I’m going to admit something right here for everyone to see — I like buying things, a lot. Perhaps too much. I really don’t think I’m alone on that front, but it’s still a bit of a puzzle trying to work out exactly what I bought on Amazon for $62 three weeks ago from my online credit card statement (as it turns out, a memory card, a GalNex screen protector, and a LensPen).
Thankfully, there’s no shortage of help out there. OneReceipt is one such assistant — they launched their receipt tracking service back in November and now with between 50-75 million transactions tracked, they’re looking to use their new Chrome extension to bring some much-needed context to users’ online bank statements and Mint accounts.
Here’s how it works. Once the Chrome extension is installed and you mosey on over to one of the supported bank or credit card sites, you’ll begin to see little black receipt icons sitting next to some of your purchases. Those are the ones that OneReceipt has recognized from your account, and one click on that icon will bring up a list of all the individual items that comprise that purchase. Simple, no?
(Just in case you were wondering, that’s not me buying the Almondina up there.)
OneReceipt’s Chrome extension was originally developed with Mint in mind, as the popular personal finance service aggregates purchases from across all of a person’s accounts and credit cards. As co-founder Sam Fine mentioned to me when OneReceipt first launched in November though, he feels that Mint is more of a “balance sheet” that only highlights total expenditures. The same goes for supported sites like American Express, Citibank, and Bank of America — all of them give you purchase totals, but don’t acknowledge that they’re made up of constituent products.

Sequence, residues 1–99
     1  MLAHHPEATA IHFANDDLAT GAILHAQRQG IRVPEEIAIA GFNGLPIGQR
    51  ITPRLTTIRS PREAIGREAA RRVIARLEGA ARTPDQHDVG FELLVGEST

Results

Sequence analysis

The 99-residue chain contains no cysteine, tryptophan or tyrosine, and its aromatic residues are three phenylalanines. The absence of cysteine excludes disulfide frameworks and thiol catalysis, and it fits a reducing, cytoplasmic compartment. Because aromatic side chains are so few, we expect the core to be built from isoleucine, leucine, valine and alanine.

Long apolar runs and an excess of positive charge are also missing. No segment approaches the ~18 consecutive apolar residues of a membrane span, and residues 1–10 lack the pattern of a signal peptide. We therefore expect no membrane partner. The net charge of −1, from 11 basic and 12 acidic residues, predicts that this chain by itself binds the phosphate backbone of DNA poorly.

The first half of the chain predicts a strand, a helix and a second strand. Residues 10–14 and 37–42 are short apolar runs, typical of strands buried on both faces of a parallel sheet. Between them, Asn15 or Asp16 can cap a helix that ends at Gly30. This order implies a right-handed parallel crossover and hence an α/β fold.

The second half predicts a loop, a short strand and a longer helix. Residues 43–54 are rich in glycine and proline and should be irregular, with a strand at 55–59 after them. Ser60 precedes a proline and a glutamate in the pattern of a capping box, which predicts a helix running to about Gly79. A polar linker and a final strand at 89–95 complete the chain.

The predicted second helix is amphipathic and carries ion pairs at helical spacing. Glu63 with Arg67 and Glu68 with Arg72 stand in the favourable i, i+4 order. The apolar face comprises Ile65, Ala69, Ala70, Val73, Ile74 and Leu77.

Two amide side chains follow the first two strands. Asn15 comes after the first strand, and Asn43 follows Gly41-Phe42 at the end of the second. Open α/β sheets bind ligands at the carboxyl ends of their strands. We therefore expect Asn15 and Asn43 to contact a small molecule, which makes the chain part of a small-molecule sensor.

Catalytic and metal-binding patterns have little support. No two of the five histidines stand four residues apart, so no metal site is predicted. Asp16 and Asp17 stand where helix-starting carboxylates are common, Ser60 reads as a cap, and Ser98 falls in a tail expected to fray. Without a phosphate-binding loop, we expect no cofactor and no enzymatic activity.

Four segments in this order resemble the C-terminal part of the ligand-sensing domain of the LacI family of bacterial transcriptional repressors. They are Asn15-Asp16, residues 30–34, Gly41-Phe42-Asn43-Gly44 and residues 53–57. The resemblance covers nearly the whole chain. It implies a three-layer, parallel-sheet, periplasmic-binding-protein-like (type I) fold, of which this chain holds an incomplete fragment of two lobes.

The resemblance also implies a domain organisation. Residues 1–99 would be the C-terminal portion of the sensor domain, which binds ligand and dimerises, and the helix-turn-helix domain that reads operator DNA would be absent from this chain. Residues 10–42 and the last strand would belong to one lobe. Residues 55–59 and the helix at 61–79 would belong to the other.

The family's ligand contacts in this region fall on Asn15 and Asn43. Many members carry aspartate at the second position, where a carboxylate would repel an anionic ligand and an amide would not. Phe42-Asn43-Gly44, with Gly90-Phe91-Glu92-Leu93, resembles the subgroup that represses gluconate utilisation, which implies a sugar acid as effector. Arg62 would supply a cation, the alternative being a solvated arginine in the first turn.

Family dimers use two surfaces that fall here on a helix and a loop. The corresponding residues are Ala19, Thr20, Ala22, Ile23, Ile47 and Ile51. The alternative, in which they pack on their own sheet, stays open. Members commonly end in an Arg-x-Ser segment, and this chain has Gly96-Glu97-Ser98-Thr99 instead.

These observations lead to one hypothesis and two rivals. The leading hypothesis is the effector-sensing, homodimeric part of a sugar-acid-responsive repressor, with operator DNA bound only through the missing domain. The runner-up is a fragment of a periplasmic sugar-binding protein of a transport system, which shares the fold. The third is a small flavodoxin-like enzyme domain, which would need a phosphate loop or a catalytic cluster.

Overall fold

It makes sense then that the OneReceipt Chrome extension takes that next step of breaking down those purchases even further to give users more insight into their purchases. In my case, for example, there’s a very real chance I could be spending far too much on retro Japanese sci-fi memorabilia (I wish I was kidding), but my Mint account would just tell me I buy a lot from Amazon.
And if you don’t use Chrome? Fine tells me that a Firefox add-on is currently in the works, though Chrome was a bigger target because of their strong web store.
I love the concept, but it’s not without its drawbacks. OneReceipt’s biggest stumbling block is that while emailed receipts from retailers are automatically pulled into OneReceipt’s system, users have to get into the habit of taking pictures of their receipts and sending them to their @onereceipt.com email address for inclusion in their records. It’s not the biggest deal, but the whole process just adds a little bit more friction to a process that could really do without it.
That too is poised to change. Fine tells me that the company’s iOS app will soon be submitted to Apple for inclusion in the App Store, and with it users can snap photos of their receipts and have them pushed straight into their accounts — no pesky emails required. Between that forthcoming app and the new Chrome extension, personal finance buffs and noobs alike will have plenty to like about the OneReceipt ecosystem but whether or not they heed their financial data’s warnings are another thing entirely.
OneReceipt is a faster and simpler way for people to organize their receipts and analyze their spending habits. OneReceipt works directly with Gmail / Google Apps to automatically understand e-receipts. Registration is quick and accounts get synced automatically. For paper receipts, users need to take a picture with their phone and email it to their personal @onereceipt.com address. This data is presented to the user through an easily navigated interface. OneReceipt also provides tools like monthly spending reports and…